You know the old saying: First comes plague, then comes famine, then comes a baby in a baby carriage. If you don’t know it, it’s okay. It’s a really old saying. But it certainly applies to this season of Reign, where Henry’s craziness has been swapped for a plague. So needless to say, post-Henry, France is a lot less sexy. Quite literally, if people aren’t dressed in some variation of black and gold, their limbs are blackening from the plague. And if they do strip down and make any sort of physical contact, there’s about a 70 percent chance they’re passing the disease around. Yeah, a lot less sexy.
However, sexiness aside, the plague served as a great stand-in for the king’s madness, bringing a dramatic weight with it that kept viewers on their toes. After all, it’s hard to be boring when any sort of physical contact can mean certain death. Confession: My first thought when they showed a plague victim was, “Couldn’t it have been a prettier plague?” Look, I’m not asking that they all turn into gold and then die, but are the open sores really necessary? Henry would not have stood for this!
I’m kidding… sort of. Regardless, the “old and faceless” foe has returned and with Francis out to find Lola, new queen Mary is left to rule alongside Catherine. Two queens and no king? It’s edgy and feels very modern, and I’m not afraid to admit that I like it. And clearly, Nostradamus agrees, because he has shaved his beard in honor of the plague (but really in honor of all the hot women running the show). First up, clean-shaven Nostradamus informs the castle that a fever = death, aches and pains = death, sores = death, and finally, blackening of extremities = definite death. However, being Nostradamus = immunity from all of the above.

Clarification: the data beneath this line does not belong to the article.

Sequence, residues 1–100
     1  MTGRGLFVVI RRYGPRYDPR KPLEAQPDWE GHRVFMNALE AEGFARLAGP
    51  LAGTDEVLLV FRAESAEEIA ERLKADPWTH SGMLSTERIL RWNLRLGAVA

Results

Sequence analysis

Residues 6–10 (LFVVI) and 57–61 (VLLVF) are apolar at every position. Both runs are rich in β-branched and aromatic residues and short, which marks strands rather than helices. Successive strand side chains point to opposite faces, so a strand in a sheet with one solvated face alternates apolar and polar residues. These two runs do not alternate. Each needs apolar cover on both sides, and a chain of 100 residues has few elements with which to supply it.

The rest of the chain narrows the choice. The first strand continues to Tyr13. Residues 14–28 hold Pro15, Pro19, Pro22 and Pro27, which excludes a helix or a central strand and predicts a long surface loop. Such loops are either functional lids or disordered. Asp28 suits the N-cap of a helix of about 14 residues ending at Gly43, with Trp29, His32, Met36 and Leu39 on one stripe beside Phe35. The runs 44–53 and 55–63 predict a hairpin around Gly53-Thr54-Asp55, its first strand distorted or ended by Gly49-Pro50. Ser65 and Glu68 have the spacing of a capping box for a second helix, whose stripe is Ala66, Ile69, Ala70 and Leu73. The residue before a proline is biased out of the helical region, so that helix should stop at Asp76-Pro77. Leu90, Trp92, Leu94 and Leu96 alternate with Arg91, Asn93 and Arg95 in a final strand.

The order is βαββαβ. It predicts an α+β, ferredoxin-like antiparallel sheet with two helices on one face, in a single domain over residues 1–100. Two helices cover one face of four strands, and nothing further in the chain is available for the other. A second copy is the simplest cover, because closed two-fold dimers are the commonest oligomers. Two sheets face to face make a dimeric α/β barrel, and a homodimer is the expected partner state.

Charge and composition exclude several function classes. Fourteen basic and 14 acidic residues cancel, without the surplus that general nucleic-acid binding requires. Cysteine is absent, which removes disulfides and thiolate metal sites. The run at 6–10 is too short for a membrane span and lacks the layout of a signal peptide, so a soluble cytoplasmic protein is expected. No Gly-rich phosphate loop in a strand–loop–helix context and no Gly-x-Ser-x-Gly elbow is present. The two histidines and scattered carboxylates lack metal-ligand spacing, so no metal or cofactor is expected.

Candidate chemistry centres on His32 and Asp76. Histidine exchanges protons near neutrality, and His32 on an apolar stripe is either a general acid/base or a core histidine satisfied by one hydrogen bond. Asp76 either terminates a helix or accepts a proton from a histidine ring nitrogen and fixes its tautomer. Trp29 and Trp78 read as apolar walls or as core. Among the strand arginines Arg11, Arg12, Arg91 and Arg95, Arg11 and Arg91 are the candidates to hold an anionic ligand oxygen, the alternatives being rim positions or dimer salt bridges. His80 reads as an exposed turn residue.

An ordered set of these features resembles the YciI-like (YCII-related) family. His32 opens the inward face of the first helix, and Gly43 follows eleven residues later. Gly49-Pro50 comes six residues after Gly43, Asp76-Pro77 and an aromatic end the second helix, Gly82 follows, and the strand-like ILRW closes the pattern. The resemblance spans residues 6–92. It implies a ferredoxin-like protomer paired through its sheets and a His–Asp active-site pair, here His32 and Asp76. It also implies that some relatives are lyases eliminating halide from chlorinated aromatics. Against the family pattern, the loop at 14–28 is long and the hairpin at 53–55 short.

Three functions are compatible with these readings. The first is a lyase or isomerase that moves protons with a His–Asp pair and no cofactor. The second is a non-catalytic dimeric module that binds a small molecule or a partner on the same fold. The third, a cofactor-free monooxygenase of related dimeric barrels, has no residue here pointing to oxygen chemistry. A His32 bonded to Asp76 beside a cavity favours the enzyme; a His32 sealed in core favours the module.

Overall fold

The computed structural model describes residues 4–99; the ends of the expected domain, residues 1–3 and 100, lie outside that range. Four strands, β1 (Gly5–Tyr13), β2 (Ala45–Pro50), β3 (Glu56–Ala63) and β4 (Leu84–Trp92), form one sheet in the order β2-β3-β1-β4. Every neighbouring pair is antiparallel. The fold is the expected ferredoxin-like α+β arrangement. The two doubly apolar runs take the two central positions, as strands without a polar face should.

In the crowd, Kenna and Bash seem happily intertwined while Greer seems to think Castleroy has the plague judging by the distance between them. But really, she’s just too busy watching Leith hold Castleroy’s ginger daughter, who turns out to be a stage-five clinger, because after knowing Leith for roughly 48 hours, she invites him to spend their last days together. A) Who said you were going to die? And B) Slow down, crazy. Slow down.
Don’t worry, after Leith runs into Greer in the hallway and she begs him not to go to Yvette—because she still loves him, basically—Leith ends up staying away from Yvette, who isolates herself with some family friends. So it’s a victory for one of Mary’s ladies. Actually, make that two of Mary’s ladies. When Francis arrives to Lola’s cabin, she and the baby are both alive. And it’s a boy. For now, we shall call him Sebastian Jr. (Just for clarification: I made that up.)
When the plague enters Lola’s cabin, Francis takes his baby and baby mama on the road, where they eventually find a camp run by Lord Condé, Francis’ very, very far removed cousin. Long story short, Condé seems nice enough. Also, he’s definitely hot enough to be Lola’s rebound (until Lord Julien returns, obvs). You know who isn’t hot? This Lord Narcisse character who tries to act as though Condé is the bad guy. Sorry, but when your voice is that gruff, it’s obvious you’re the villain, Narcisse.
Narcisse informs Francis of a boat that Condé has arranged for his lover. Condé then offers Lola and the baby a spot on the voyage, which Francis nearly accepts before realizing that his baby is sort of the cutest. Once Francis picks up his crying son and takes in all of the adorableness that baby Bash has to offer, he simply cannot let him go.
Can you imagine what would’ve happened if it had been an ugly baby? Kidding. All babies are cute and whatever.
NEXT: Meet Mary 2.0